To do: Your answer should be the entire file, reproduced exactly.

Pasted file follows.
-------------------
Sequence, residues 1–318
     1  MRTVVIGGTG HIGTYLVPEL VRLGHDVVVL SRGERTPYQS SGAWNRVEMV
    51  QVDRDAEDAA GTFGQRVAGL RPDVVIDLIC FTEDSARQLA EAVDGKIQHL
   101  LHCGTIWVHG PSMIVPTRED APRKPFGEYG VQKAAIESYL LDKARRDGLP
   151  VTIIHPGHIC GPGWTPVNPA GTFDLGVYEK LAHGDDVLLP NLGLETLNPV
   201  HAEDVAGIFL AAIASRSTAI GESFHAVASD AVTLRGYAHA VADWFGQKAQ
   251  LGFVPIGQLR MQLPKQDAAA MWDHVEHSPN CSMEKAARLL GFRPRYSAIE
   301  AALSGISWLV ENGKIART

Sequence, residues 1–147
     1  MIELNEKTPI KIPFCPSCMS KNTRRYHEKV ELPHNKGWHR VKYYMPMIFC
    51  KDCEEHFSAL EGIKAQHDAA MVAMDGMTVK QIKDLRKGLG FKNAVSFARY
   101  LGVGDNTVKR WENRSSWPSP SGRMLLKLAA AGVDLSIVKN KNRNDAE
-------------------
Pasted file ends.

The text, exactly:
Sequence, residues 1–318
     1  MRTVVIGGTG HIGTYLVPEL VRLGHDVVVL SRGERTPYQS SGAWNRVEMV
    51  QVDRDAEDAA GTFGQRVAGL RPDVVIDLIC FTEDSARQLA EAVDGKIQHL
   101  LHCGTIWVHG PSMIVPTRED APRKPFGEYG VQKAAIESYL LDKARRDGLP
   151  VTIIHPGHIC GPGWTPVNPA GTFDLGVYEK LAHGDDVLLP NLGLETLNPV
   201  HAEDVAGIFL AAIASRSTAI GESFHAVASD AVTLRGYAHA VADWFGQKAQ
   251  LGFVPIGQLR MQLPKQDAAA MWDHVEHSPN CSMEKAARLL GFRPRYSAIE
   301  AALSGISWLV ENGKIART

Sequence, residues 1–147
     1  MIELNEKTPI KIPFCPSCMS KNTRRYHEKV ELPHNKGWHR VKYYMPMIFC
    51  KDCEEHFSAL EGIKAQHDAA MVAMDGMTVK QIKDLRKGLG FKNAVSFARY
   101  LGVGDNTVKR WENRSSWPSP SGRMLLKLAA AGVDLSIVKN KNRNDAE